AIPLA Quarterly Journal Looks at DMCA Exemption for Protecting iPhone Unlock

The American Intellectual Property Law Association (AIPLA)'s latest Quarterly Journal includes an article entitled Apple's iPhone: The Case For Broadening Exemption Five To 17 Usc 1201 To Ensure Continued Non-Infringing Use Of Wireless Communication Handsets.

The introduction begins provocatively enough by spotlighting an American who, in August 2007, received an AT&T data roaming bill for $4200 after he took his iPhone on a trip to Europe. They do this to point out users who are "angered and frustrated" by carrier lock-ins, and threats that Jailbreaking and unlocking could void their warranties and brick their devices in the future.

The iPhone was chosen to draw a sharp example in support of their arguments in favor of expanding the US Digital Millennium Copyright Act exemption to "better protect non-infringing use" of wireless devices of all types.

We previously heard about the Electronic Frontier Foundation (EFF) asking for a DMCA exemption for Jailbreaking and Apple coming out against that idea. As ubiquitous data access becomes more important to more people, however, the real cross-network costs of roaming and the subsidy-based, handset exclusivity business model of big telcos will have to be carefully weighed against users not having to worry about bankruptcy when crossing a geographic border (or standing too close to a cruise ship).

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Rene Ritchie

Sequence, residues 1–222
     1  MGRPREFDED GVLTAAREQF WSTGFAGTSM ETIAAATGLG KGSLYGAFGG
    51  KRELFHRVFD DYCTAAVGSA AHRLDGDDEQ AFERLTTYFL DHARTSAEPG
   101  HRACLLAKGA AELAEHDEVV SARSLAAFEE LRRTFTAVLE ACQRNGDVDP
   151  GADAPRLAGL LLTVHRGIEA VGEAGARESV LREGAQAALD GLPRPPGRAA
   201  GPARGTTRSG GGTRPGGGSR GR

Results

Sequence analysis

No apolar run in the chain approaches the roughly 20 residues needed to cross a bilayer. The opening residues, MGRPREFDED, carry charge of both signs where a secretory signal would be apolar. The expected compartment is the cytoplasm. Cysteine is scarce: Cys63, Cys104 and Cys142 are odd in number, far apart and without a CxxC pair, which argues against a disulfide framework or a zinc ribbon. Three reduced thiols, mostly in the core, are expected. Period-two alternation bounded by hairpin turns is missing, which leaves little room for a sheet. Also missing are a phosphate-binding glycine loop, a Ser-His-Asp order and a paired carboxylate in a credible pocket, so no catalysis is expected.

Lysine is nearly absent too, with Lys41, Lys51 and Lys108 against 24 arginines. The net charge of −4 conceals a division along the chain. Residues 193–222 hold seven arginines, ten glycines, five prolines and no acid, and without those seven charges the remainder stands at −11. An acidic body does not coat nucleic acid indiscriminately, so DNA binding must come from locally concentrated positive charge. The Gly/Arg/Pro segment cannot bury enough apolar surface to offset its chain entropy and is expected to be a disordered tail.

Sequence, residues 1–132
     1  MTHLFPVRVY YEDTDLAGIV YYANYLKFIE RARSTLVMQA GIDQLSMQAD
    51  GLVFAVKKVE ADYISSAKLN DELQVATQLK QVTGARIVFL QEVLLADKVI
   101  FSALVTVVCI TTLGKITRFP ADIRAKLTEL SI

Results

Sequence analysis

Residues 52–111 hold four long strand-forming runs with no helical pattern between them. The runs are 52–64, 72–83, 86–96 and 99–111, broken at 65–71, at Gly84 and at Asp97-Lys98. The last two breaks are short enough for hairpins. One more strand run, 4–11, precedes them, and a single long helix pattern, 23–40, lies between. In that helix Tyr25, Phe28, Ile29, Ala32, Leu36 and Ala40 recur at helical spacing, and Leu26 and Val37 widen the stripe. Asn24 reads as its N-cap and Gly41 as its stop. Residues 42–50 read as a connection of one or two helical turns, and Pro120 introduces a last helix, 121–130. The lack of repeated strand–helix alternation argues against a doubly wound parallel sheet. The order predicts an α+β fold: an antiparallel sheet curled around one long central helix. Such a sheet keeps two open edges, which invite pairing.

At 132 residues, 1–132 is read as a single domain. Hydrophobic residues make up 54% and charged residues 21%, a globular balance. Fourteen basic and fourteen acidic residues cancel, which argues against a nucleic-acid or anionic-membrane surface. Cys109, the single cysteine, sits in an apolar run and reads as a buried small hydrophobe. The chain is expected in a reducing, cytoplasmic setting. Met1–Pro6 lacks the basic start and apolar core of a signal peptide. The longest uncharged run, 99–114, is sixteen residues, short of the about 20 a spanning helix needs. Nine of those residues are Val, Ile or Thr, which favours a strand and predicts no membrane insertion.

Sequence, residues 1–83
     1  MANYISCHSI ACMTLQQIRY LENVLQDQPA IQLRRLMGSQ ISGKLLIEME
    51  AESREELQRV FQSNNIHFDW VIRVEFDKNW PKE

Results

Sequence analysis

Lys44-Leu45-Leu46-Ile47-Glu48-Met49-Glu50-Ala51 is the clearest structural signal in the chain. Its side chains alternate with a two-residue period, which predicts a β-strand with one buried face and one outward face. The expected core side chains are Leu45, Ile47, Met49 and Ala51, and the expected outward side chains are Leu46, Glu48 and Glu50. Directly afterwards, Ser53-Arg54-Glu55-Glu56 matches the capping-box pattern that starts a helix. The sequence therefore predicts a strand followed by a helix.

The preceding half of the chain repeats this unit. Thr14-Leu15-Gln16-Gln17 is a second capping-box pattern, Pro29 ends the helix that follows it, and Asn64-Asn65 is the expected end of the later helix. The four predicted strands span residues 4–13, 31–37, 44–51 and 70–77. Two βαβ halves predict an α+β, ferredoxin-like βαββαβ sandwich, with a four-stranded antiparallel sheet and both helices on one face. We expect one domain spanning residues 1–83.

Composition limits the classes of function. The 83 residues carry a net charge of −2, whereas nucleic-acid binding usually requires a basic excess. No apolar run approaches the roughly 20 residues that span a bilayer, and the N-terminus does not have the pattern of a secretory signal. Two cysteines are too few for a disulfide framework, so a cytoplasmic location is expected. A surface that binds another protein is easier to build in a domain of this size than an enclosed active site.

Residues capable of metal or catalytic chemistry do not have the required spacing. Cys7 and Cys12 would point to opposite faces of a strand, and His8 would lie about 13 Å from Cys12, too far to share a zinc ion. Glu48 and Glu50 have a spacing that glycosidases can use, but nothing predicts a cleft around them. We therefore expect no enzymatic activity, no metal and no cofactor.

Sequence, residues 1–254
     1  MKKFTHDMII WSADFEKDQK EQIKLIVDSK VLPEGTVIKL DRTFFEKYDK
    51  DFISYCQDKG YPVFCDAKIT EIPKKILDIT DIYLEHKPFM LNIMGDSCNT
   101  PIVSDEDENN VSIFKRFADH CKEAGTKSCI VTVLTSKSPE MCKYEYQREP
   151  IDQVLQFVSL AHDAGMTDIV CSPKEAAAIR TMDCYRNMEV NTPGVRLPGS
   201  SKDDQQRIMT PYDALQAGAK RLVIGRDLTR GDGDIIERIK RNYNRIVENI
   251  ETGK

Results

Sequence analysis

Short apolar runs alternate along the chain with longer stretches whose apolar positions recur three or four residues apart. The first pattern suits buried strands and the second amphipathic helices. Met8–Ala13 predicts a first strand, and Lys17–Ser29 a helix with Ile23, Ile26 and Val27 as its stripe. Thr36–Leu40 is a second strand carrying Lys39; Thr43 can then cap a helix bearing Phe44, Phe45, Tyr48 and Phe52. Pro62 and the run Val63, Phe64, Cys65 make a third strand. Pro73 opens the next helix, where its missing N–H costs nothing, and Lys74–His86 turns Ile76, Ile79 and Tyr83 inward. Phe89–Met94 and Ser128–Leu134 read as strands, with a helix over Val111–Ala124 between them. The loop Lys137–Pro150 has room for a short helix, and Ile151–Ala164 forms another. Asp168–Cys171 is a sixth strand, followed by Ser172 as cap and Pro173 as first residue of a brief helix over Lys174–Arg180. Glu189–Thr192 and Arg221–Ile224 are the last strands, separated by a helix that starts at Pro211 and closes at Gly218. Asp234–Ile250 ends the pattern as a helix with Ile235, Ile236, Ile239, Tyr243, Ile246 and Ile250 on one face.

EiC of iMore, EP of Mobile Nations, Apple analyst, co-host of Debug, Iterate, Vector, Review, and MacBreak Weekly podcasts. Cook, grappler, photon wrangler. Follow him on Twitter and Google+.

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Reader comments

AIPLA Quarterly Journal Looks at DMCA Exemption for Protecting iPhone Unlock


I have no idea where you were going with that last sentence, and I suspect you didn't either, but I commend you for your persistence in fighting tooth and nail to arrive at a period.
Lets stay on topic:
The issue here isn't the cost of data roaming.
Save that rant for another post - long overdue IMHO.
The issue here is the current RIGHT (as it stands today) to hack your phone to remove carrier locks.
By logical extension this also allows you to run a totally different OS on the phone if you have one. It certainly does not allow you to jail break your phone because jailbreaking is a modification of Apple's OS, and
arguably a clear copyright violation.
But Carrier Locks have enjoyed a DMCA exemption since the DMCA was enacted. It allows you to Unlock your iPhone (by what ever means) so you can move from the USA(att) to Canada(rogers) without having to buy a new phone.
The cited article is in support of preserving the status quo, not some new raid upon Apple's IP.
Personally, I think Carrier Locks should be outlawed, such as they are in several EU countries. If ATT can't figure out how to hold on to customers in a No-Lock environment maybe the Italian carriers will help them out.